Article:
30 Strange And Interesting Facts About Otto Von Guericke

Otto von Guericke was a German scientist, inventor, and politician. His major scientific achievements were the establishment of the physics of vacuums, the discovery of an experimental method for clearly demonstrating electrostatic repulsion, and his advocacy of the reality of “action at a distance” and of “absolute space.” Take a look below for 30 more strange and interesting facts about Otto von Guericke.

1. He was a profoundly spiritual man in the Dionysiac tradition, as were many natural scientists of the Enlightenment and connected his idea of the “vacuum” of “space” to an infinite divine Allness-Nothingness.

2. Guericke was born to a patrician family of Magdeburg.

3. He was privately tutored until the age of 15.

4. In 1617, he began studying law and philosophy at the Leipzig University.

5. In 1620, his studies at Leipzig were disrupted by his father’s death.

6. He briefly returned home before continuing his studies at the Academia Julia in Helmstedt and the universities of Jena and Leiden.

7. It was at Leiden that he first began attending courses on mathematics, physics and fortification engineering.

8. His education was completed by a nine-month Grand Tour to France and England.

9. On his return to Magdeburg in 1626, he married Margarethe Alemann.

10. Before Margarethe’s death in 1645, they had three children together: Anna Catherine, Hans Otto, and Jacob Christopher.

11. His two kids, Anna Catherine and Jacob Christopher, both died in infancy.

12. Von Guericke later remarried to Dorotha Lentke in 1652.

13. Guericke’s political career began upon his return to Magdeburg in 1626.

14. He and his family were educated and well known. His father and his grandfather had been mayors of the city, which led to Guericke being appointed an Alderman of Magdeburg.

15. He was forced to flee Magdeburg during the Holy Roman Empire’s attack on the city in the Thirty Years’ War. This attack destroyed most of the city, as well as Guericke’s personal wealth.

16. Guericke returned to Magdeburg in 1631 and, because of his engineering background, led the rebuilding process of the town.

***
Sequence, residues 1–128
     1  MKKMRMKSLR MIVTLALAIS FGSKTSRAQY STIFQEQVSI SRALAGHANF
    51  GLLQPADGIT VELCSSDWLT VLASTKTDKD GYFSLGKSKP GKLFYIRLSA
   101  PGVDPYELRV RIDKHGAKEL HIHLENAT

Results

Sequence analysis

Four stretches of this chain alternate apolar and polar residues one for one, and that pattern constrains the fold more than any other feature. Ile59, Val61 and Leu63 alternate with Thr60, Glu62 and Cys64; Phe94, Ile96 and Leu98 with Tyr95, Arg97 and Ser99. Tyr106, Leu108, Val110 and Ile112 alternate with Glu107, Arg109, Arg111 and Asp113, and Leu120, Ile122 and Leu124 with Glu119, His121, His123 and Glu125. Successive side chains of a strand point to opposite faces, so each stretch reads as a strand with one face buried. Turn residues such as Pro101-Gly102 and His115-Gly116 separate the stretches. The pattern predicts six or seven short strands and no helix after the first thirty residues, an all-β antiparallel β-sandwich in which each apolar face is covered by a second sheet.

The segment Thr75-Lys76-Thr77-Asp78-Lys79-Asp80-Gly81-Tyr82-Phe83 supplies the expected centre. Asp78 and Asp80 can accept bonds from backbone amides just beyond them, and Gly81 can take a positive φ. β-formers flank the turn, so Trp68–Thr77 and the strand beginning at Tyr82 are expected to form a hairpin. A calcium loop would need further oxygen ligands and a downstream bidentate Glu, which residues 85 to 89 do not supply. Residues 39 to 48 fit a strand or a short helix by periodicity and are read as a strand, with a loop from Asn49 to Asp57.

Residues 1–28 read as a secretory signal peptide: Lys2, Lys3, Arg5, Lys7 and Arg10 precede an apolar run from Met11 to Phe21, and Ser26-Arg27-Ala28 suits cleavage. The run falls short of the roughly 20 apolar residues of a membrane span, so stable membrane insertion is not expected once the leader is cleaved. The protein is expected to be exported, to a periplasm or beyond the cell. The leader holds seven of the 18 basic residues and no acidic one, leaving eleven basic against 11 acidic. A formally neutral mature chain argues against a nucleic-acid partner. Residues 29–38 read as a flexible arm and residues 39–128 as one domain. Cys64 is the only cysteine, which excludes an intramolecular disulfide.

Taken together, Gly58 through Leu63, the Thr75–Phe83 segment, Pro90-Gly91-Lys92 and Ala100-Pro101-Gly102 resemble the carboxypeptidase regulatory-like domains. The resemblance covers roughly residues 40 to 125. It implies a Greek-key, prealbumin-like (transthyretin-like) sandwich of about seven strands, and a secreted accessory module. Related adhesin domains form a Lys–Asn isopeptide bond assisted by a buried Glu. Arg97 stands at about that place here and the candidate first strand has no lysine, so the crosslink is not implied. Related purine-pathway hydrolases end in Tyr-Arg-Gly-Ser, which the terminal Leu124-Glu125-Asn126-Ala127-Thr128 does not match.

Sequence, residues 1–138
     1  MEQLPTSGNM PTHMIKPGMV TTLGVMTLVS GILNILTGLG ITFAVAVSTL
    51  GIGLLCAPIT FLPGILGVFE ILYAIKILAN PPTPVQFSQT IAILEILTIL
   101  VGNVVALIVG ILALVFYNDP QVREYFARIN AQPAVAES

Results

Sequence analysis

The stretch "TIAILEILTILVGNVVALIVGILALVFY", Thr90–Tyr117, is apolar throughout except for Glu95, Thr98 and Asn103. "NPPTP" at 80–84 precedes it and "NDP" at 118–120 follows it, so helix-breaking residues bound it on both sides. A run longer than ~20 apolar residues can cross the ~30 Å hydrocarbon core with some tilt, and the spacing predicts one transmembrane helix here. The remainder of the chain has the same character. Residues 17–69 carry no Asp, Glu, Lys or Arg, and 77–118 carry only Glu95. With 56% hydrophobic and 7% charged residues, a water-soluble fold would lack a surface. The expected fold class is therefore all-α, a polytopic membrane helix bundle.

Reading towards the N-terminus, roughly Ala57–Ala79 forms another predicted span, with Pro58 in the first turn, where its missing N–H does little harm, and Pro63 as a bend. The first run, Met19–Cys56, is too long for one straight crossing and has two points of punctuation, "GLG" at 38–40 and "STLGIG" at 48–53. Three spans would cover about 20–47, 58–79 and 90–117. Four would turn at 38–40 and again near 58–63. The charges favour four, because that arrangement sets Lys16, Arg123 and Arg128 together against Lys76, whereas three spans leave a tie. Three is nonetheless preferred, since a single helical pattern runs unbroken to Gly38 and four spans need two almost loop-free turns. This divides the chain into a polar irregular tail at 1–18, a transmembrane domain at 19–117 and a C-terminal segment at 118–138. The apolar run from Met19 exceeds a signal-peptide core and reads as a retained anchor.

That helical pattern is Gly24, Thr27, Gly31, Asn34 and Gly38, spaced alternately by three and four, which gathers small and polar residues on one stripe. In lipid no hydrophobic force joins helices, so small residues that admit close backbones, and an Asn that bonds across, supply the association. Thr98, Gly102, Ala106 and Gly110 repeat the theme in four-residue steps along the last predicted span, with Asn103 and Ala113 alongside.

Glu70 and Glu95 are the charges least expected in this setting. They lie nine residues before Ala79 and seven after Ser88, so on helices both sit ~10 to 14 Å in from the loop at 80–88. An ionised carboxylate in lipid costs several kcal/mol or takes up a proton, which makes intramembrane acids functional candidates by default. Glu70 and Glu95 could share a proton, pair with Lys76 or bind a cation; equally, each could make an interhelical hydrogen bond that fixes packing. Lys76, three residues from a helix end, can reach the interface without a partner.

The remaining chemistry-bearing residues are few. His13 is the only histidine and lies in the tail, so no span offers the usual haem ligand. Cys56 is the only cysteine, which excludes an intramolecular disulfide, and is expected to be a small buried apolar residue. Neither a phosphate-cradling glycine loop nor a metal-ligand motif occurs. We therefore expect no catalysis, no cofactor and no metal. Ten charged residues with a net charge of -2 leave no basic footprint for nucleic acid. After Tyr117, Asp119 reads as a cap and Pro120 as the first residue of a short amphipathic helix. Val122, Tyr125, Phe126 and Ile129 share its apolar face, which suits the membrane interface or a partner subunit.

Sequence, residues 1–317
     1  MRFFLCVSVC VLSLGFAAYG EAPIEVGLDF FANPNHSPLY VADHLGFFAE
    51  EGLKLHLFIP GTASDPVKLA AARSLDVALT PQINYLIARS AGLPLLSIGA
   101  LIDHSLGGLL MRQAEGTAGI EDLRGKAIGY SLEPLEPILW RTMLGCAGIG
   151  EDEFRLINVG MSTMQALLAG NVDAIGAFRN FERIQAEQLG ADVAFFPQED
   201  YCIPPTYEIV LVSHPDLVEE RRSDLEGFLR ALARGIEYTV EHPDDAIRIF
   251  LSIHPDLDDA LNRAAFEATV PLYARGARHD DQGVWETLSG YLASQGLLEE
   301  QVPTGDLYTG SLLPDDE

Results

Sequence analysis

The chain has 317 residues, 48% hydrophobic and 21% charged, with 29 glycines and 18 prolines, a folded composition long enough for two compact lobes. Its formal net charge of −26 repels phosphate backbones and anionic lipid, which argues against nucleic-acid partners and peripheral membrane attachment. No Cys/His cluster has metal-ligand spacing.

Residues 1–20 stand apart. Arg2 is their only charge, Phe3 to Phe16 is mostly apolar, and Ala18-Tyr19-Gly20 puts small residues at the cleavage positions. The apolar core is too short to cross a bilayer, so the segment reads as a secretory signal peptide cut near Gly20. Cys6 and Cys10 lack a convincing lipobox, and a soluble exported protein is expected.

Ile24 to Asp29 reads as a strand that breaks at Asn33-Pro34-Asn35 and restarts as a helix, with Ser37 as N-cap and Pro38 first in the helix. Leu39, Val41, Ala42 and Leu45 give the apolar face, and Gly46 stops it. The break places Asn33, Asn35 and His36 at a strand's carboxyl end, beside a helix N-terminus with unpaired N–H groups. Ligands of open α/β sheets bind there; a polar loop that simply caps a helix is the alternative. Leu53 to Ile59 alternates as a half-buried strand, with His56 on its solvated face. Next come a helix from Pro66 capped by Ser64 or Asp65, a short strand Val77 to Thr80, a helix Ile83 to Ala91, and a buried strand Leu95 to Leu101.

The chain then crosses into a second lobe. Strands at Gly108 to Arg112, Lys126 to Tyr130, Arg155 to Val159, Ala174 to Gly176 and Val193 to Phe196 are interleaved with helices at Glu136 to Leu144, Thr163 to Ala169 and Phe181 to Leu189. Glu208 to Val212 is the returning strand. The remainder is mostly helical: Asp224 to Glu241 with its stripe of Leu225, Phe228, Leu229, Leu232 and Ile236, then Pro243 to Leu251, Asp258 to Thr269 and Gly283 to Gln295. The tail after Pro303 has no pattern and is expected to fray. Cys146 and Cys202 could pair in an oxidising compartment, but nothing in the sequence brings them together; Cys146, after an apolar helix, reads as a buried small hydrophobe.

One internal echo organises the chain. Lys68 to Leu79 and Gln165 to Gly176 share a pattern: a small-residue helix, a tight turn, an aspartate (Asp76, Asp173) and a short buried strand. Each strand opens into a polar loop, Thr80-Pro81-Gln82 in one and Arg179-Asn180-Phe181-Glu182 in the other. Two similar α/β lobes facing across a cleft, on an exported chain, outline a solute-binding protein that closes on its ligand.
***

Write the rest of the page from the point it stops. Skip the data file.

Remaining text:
17. After the rebuilding, he became a master brewer to rebuild his and the town’s wealth.

18. In 1646, he was elected as Magdeburg’s Burgomeister, which is similar to mayor.

19. He remained in the position of mayor for more than thirty years, until his retirement from office in 1678, after much pressure from younger politicians.

20. During his time in office, he went on many diplomatic missions and met with many kings and emperors.

21. In 1666, Guericke was given aristocratic status by Emperor Leopold I, giving the “von” title to his name and changing the spelling of his last name form “Gericke” to “Guericke.”

22. Guericke used both his political status and scientific knowledge in tandem to make political gains for his town.

23. His demonstrations of his inventions, such as the air pump and electrostatic generator, were used to impress his audiences and allow for political communications to unfold.

24. He often would not explain scientifically how his shows worked, leading people to believe in his wizardry, promoting his status as a great leader.

25. Guericke’s first diplomatic mission on behalf of the city, in September 1642, was to the court of the Elector of Saxony at Dresden to seek some mitigation of the harshness with which the Saxon military commander treated Magdeburg.

26. In 1648, he represented the city at the treaty delegations following the end of the Thirty Years’ War.

27. During another diplomatic missions to Ratisbon in 1654, Guericke used his invention of the air pump to impress those he was meeting and help sway the meeting in his favor, as well as promote his own scientific advancements.

28. Diplomatic missions, often dangerous as well as tedious, occupied much of his time for the next 20 years.

29. Guericke first started investigating the concept of a vacuum through the use of fire pumps by pumping water out of wooden barrels.

30. In January 1681, as a precaution against an outbreak of the plague then affecting Magdeburg, he and his second wife Dorothea moved to the home of his son Hans Otto in Hamburg. There, he died peacefully on May 11, 1686.

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